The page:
A family trust could save you
They’ve been around for quite some time. Those “in the know” set up a family trust years ago to benefit their family financially. But if you’re not a financial planner or lawyer you could be forgiven for just making a will and avoiding any other confusing wealth-related strategies.
Actually, a family trust isn’t as complicated as you may think. Sure, it’ll likely require a little professional advice. But the benefit to your family may be worth it.
A break-down might help.
A family trust (an “inter vivos discretionary trust” in law speak) is about protecting your assets and dividing up income to minimise the tax you pay each year.
The way it works is that assets (for example your business, or investments such as real estate, shares or managed funds) are owned by your trust – and the trustees (usually mum and dad) manage them. The income the trust earns each year can be given to family members (beneficiaries) in any way the trustees decide.
Because different tax rates apply to different people depending on their circumstances, the idea is that you effectively give some income (through the trust) to family members in lower tax brackets than you. They pay income tax on their bit, instead of you paying tax on the whole lot at a higher rate.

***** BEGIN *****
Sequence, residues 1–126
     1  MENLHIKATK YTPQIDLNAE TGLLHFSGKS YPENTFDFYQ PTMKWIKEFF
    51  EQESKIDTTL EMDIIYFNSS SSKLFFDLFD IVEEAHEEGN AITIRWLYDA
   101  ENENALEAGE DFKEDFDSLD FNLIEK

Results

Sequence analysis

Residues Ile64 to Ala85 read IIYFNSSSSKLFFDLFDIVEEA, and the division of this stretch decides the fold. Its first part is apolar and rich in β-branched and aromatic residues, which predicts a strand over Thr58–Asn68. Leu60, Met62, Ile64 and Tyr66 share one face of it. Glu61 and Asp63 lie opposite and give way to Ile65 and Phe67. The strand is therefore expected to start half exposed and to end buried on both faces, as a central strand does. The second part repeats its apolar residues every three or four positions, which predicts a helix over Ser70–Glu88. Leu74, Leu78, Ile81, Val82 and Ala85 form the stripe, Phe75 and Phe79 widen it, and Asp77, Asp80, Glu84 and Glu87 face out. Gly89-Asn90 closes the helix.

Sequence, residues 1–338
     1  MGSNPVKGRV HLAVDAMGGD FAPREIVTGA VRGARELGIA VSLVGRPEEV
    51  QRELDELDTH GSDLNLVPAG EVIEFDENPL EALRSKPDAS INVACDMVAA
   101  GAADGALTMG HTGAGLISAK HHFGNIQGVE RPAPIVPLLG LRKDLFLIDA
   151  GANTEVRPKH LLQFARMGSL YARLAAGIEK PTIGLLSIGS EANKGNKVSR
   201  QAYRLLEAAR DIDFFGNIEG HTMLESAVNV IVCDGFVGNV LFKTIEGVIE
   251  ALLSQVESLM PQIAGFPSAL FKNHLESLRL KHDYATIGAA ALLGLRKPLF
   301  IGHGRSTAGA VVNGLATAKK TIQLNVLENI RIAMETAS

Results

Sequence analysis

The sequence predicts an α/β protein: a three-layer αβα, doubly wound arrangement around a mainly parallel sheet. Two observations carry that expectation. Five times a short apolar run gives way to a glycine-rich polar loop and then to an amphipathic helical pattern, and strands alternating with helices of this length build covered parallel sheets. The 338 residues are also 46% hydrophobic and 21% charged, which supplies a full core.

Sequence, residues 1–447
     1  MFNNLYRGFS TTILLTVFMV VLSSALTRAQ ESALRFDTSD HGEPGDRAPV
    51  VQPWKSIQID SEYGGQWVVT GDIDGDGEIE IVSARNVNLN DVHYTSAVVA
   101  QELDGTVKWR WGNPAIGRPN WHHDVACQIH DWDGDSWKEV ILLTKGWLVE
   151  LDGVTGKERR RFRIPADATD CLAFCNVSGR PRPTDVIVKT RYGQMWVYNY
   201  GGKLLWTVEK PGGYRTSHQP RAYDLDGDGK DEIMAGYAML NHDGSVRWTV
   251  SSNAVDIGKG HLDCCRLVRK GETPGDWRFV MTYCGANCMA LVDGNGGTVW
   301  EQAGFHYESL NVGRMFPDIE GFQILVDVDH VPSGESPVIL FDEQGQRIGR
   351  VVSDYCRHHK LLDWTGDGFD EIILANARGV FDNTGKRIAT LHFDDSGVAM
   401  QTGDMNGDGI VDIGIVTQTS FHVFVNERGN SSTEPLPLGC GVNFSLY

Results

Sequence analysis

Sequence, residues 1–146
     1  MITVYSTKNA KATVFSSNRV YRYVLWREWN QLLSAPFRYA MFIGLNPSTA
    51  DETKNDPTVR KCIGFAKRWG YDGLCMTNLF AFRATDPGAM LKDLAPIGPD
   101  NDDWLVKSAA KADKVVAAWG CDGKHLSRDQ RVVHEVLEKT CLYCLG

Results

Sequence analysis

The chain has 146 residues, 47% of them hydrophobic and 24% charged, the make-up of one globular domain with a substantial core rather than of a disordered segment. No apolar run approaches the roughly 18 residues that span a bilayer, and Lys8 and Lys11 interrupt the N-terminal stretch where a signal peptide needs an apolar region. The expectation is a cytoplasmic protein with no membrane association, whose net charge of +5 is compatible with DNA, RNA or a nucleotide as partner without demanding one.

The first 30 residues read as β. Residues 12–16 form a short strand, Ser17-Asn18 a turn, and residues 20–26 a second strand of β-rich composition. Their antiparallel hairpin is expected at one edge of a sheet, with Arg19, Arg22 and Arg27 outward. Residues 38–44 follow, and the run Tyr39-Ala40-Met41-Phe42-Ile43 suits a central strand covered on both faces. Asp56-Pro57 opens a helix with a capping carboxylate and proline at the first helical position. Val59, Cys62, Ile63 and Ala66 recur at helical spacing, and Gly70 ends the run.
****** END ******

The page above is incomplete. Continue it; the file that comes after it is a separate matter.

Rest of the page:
If you earn between $37,001 and $80,000 a year, you’re generally paying income tax at the rate of 30% for every dollar you earn.
But if you have a nineteen year old son at uni who isn’t working, and a partner who works part-time earning $20,000 a year, their rate of tax is far less than yours. You could allocate up to $16,000 to your son, who pays no tax. And your partner only gets taxed at the rate of 15% per dollar (after the first $6,000 that’s tax free).
In terms of your family’s wealth, that’s got to help.
Plus, a family trust can protect your family’s assets. If your business goes bankrupt, creditors could potentially get hold of your shares or property. Unless the trust owns them.
A family trust can also sometimes help keep your assets safe for your spouse and children after you die, or if they go through a relationship breakdown.
The new federal budget changed the rules in relation to trust money going to minors (18 or under). From July you’ll only be able to pay minors around $400 a year before you’re hit with penalty tax rates.
But the government seems to accept that family trusts can help with tax management, particularly for small businesses.
Obviously for maximum benefit you need to regularly update your trust. Circumstances can change, including your family members’ tax brackets.
For more information please see Testamentary trust or discretionary trust – which is best for you?